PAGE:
While I don't think I have been running around telling everybody how perfect travel life is, I could do a better job being honest about how it really is, day in, day out.
The darker side, the moments of stress, disappointment, struggle, worry, that go along with living a life on the road get tucked away or glossed over in most of my content. I address it, but it zips by before you have a chance to get too close to it.
See the photo below for example. Me, sick, overwhelmed, and completely exhausted in a Beijing hotel. I would never share this photo on my social media in 1000 years. Well, here it is. Unedited.
I also don't share much about the challenges of running a business while travelling full time.
These things can't be glossed over anymore.
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My Academic Brain is Dying
Most of you probably don't know that I was on the academic route for the better part of a decade. Ph.D., post-Doctoral Research, moving to the states and working for MSNBC, that was my dream, boys and girls.
While I only made it to my Master's before burning out, I completely buried the academic side of my life, almost overnight.
Within a few months of not getting into my Ph.D. program of choice, and dealing with some major family trauma, I moved to Toronto, started working in marketing, and have since spent the last few years running a tech start-up with my husband. I even stopped reading, watching the news, or paying any attention to thought leaders in my field of research. I ghosted academia HARD.
My academic brain is withered, weak, and needs to be rehabilitated before I lose it forever.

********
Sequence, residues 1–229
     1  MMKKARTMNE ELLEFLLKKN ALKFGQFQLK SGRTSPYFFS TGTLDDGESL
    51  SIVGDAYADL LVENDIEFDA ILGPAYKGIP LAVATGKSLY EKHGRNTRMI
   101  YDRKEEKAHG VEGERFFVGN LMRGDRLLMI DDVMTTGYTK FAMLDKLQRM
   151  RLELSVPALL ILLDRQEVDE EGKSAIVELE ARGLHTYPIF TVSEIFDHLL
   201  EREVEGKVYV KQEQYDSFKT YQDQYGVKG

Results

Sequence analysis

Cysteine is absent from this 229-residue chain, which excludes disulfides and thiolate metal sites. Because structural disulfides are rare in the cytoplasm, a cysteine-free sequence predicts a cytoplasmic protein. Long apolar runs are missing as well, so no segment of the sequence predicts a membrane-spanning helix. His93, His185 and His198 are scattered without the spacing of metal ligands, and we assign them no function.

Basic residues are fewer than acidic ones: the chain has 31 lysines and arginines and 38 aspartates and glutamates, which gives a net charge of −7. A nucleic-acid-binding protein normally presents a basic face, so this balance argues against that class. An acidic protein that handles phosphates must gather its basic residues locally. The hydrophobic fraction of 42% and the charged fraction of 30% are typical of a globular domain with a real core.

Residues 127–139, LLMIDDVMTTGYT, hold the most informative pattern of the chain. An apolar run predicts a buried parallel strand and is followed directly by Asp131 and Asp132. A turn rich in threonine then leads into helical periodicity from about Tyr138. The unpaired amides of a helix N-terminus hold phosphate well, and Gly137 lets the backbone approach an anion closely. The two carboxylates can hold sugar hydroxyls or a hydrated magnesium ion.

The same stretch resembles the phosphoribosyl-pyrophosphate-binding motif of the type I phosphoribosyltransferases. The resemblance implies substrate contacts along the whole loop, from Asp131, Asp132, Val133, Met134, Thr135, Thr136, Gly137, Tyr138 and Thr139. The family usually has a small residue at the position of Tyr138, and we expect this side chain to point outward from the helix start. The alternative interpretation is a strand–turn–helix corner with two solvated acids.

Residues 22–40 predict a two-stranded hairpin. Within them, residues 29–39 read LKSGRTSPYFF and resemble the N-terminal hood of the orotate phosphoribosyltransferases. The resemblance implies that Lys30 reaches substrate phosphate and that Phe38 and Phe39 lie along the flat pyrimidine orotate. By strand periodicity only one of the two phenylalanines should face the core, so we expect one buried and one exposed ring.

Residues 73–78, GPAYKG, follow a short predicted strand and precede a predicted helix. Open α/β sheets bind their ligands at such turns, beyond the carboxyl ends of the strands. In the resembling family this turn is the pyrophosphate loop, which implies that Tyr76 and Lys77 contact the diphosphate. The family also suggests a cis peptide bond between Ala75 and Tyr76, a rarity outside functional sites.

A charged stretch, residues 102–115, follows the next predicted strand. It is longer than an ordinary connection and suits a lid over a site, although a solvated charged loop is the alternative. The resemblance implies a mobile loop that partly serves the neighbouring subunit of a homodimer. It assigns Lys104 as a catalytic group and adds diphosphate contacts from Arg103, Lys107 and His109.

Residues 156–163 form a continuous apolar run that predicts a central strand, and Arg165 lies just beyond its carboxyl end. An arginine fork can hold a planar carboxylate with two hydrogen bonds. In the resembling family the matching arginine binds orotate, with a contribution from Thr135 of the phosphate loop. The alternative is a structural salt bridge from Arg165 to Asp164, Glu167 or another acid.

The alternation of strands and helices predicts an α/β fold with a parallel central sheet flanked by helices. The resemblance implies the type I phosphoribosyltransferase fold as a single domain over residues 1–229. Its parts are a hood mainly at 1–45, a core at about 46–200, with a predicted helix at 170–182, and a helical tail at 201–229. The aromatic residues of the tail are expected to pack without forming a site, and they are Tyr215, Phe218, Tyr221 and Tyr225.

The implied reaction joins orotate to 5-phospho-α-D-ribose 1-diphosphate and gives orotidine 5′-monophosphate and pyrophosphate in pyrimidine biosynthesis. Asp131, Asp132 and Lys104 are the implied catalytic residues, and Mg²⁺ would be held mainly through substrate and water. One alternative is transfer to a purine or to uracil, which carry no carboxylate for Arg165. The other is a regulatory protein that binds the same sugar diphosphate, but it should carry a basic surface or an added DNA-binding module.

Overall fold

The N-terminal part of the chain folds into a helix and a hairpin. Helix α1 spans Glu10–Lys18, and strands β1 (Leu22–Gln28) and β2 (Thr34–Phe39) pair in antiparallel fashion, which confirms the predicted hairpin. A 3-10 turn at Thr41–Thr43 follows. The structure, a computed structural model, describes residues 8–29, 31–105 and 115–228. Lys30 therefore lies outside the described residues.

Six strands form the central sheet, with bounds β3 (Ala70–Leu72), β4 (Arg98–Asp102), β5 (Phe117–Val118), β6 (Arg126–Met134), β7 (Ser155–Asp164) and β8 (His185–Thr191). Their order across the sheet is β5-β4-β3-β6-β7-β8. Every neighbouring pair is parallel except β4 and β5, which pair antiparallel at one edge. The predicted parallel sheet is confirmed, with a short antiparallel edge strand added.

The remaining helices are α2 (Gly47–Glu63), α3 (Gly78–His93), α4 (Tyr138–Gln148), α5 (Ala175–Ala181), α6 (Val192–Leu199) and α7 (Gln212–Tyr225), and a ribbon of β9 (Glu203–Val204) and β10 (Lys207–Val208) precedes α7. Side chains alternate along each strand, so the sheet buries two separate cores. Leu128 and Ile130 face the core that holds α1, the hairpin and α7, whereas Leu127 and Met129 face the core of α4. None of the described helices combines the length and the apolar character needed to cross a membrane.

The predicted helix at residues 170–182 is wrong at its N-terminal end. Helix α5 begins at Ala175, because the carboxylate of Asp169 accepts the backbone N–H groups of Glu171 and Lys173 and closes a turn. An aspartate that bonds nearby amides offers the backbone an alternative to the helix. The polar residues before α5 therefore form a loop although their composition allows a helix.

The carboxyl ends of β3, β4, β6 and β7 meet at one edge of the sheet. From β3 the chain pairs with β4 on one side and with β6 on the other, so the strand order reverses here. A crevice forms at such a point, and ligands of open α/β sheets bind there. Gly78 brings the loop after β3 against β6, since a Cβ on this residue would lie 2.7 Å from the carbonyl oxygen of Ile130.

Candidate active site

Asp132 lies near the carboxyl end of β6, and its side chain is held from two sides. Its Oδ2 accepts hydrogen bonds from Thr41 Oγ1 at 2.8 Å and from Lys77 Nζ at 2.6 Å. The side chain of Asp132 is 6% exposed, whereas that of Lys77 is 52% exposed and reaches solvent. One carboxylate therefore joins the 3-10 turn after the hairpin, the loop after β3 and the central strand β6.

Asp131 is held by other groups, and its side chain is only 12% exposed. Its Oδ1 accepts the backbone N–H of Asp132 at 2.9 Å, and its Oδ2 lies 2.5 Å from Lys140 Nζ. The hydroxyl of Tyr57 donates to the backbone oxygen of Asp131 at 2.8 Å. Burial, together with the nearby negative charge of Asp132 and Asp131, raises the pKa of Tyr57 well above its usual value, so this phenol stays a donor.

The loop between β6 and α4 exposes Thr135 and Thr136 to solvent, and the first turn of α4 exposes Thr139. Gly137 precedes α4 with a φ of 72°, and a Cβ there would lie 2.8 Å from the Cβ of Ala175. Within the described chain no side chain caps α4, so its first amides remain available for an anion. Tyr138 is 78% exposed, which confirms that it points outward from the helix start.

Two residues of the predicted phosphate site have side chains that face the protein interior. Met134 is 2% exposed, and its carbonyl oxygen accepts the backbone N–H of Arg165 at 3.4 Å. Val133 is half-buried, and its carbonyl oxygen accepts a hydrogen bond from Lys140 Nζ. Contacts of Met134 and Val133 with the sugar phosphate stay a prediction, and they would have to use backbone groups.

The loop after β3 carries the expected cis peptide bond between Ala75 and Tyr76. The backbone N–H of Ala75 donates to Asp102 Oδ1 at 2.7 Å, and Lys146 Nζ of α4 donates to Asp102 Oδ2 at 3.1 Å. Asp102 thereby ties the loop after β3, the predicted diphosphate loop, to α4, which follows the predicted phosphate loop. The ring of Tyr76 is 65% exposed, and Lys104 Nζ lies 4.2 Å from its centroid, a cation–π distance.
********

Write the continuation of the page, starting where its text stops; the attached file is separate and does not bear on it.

So, while I am disheartened with the world of travel blogging after my recent round of soul searching, I am more confident than ever that I am a writer at my core. THAT is what I need to be doing. Writing.
Not fluff. Not meaningless promoted posts about face creams I don't even like, but real writing about travel, how much humans are both terrible and awesome.
I'm Anxious About It All
Talking about my anxiety and worries has been an exercise in acceptance over the past year since I started The Hesitant Adventurer.
You guys, my readers, my family, have all been so accepting and supportive as I work through my nervous tendencies and try to live an adventurous life.
It's also been an exercise in self-acceptance and self-love as I work to acknowledge my true self and be authentic. Even though the authenticity has been lacking, I am ready to make a change and be more real with you all and with myself.
So, I am anxious about my usual stuff, but at least I don't have to feel like an imposter anymore.
(Thanks to my friend Gab for sharing this perfectly timed meme with me today.)
Things Have to Change
I have to stop being homogenous and vague in my content. I have to write more clear pieces that touch on real issues. I need to share what is making me anxious, what I think needs to change, and so on. I have to be real.
I still want to share lighthearted content and city guides and be a fun loving Instagrammer, holding my hat, sipping wine, and looking perfect (being perfect) ALL the time, but I can't. I just can't attempt to do it anymore.
I feel confident now that I'm a writer, not a blogger. I guess I thought in this new world order that if I wanted to write I had to behave a certain way online.
So, no more lies! Well, fewer lies at least.
I hope you stick around, read, learn, and grow along with me.